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Hydroxyamphetamine Hydrobromide and Tropicamide Ophthalmic Solution

Last Updated: April 25, 2017
Status: Current

Hydroxyamphetamine Hydrobromide and Tropicamide Ophthalmic Solution

Products Affected - Description
  • All presentations are currently available

Reason for the Shortage
    • Akorn had Paremyd on shortage due to manufacturing delays.
    • No clinical trial data were found to support the use of Paremyd in the diagnosis of Horner Syndrome.
Available Products
  • Paremyd ophthalmic solution, Akorn
    1% hydroxyamphetamine hydrobromide and 0.25% tropicamide, 15 mL bottle, 1 count (NDC 17478-0704-12)

Estimated Resupply Dates

  • Akorn has Paremyd ophthalmic solution available.

Implications for Patient Care

  • Hydroxyamphetamine is an indirect-acting adrenergic agonist and causes pupil dilation.3 Topical hydroxyamphetamine is not commercially available in the US.1

Alternative Agents & Management

    • Topical hydroxyamphetamine has been used to aid in localizing specific ophthalmic lesions associated with Horner syndrome. Because of difficulties with obtaining hydroxyamphetamine, other pharmacologic agents such as phenylephrine 1% have also been used.4 Additionally, some authors recommend alternative clinical and radiological protocols to diagnosis Horner syndrome because of the difficulties in obtaining hydroxyamphetamine hydrobromide.5,6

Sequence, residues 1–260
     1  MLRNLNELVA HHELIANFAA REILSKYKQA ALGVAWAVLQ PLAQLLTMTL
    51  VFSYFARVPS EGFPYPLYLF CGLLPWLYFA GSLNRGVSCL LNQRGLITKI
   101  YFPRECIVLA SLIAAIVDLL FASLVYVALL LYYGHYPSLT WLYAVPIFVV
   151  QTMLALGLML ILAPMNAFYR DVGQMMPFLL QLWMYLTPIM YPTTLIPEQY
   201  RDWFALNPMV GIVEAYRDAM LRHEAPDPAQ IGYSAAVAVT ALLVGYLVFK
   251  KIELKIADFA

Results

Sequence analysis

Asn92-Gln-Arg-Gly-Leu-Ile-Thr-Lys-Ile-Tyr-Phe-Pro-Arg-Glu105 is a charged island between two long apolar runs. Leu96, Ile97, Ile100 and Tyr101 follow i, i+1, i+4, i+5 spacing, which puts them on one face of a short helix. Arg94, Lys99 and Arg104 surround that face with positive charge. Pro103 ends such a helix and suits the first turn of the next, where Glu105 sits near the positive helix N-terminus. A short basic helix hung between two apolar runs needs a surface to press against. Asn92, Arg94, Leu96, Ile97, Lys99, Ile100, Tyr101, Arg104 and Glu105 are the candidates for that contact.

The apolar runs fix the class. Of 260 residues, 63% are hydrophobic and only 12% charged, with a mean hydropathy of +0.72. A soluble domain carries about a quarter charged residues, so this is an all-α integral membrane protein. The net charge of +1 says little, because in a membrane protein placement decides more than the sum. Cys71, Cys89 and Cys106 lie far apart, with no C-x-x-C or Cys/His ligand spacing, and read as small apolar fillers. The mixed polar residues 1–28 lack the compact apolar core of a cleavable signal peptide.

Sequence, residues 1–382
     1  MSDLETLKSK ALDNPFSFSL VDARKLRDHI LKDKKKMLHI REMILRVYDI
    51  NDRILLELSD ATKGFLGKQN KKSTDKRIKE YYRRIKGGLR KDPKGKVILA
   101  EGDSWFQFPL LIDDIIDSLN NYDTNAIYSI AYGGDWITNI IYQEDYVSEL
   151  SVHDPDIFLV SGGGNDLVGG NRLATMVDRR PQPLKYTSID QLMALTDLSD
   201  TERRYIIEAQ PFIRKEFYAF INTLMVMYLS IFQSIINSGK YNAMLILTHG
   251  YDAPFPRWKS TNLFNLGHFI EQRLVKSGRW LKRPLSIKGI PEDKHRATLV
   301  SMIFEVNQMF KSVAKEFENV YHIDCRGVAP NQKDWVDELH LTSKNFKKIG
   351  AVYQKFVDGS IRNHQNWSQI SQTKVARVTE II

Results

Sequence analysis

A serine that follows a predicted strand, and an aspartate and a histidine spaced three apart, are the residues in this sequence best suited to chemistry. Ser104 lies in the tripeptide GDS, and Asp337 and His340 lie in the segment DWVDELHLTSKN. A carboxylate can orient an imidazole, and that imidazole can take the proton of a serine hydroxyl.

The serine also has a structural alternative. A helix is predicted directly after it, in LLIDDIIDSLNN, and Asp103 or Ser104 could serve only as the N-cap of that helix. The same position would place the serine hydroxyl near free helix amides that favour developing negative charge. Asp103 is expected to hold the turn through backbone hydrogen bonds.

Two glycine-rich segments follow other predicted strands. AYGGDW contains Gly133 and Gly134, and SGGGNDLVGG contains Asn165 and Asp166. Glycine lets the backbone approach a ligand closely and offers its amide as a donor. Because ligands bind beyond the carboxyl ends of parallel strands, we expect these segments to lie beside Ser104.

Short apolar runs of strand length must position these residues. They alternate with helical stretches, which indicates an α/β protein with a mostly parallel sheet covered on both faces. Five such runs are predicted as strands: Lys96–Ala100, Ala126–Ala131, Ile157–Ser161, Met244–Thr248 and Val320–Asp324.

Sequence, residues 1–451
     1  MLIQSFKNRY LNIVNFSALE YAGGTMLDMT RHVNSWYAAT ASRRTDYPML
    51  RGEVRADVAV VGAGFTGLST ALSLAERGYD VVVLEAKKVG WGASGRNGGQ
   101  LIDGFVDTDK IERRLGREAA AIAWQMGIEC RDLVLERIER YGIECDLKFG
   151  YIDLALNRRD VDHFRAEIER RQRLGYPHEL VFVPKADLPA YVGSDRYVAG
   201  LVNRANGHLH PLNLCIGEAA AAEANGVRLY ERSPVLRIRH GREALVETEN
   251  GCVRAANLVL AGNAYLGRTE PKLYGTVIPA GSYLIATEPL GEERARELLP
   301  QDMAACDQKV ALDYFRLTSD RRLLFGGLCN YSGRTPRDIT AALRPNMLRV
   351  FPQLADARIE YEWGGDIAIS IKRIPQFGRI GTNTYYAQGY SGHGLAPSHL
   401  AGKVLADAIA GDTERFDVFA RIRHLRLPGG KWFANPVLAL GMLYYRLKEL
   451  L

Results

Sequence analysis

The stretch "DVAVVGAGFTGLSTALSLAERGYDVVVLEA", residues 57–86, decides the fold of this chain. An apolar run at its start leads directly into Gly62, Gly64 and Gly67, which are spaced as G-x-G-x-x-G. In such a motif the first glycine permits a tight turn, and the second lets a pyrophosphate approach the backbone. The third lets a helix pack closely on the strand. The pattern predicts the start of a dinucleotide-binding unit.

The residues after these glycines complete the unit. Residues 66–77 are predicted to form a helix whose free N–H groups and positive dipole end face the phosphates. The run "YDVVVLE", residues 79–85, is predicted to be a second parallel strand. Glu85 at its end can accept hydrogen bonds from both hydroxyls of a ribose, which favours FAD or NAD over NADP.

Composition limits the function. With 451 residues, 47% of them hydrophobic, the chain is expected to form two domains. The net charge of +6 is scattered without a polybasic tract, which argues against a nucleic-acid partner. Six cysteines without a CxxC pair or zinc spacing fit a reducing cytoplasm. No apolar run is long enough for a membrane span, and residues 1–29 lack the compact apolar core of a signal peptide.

• No clinical trial data were found to support the use of Paremyd (a combination hydroxyamphetamine hydrobromide and tropicamide ophthalmic solution) in the diagnosis of Horner Syndrome.


    1. Anon, ed. Red Book Online. via Micromedex 2.0 [internet database]. Greenwood Village, CO: Truven Health Analytics; 2015.
    2. Professional Compounding Centers of America (personal communication). December 15, 2010.
    3. Hydroxyamphetamine/Tropicamide. Drug Facts and Comparisons Online. St. Louis, MO: Wolters Kluwer Health Inc. July 2015.
    4. Danesh-Meyer HV, Savino P, Sergott R. The correlation of phenylephrine 1% with hydroxyamphetamine 1% in Horner’s syndrome. Br J Ophthalmol 2004; 88(4):592-3.
    5. Chen Y, Morgan ML, Barros Palau AE, Yalamachili S, Lee AG. Evaluation and neuroimaging of the Horner Syndrome. Can J Ophthalmol 2015; 50(2):107-11.
    6. Davagnanam I, Fraser, CL, Miskiel K, Daniel CS, Plant GT. Adult Horner’s syndrome: a combined clinical, pharmacological and imaging algorithm. Eye 2013; 27: 291-8.


April 25, March 17, February 7, January 31, 2017; November 9, September 7, August 1, June 2, April 18, March 3, January 25, 2016; November 24, July 13, 2015, University of Utah, Drug Information Service. Copyright 2017, Drug Information Service, University of Utah, Salt Lake City, UT.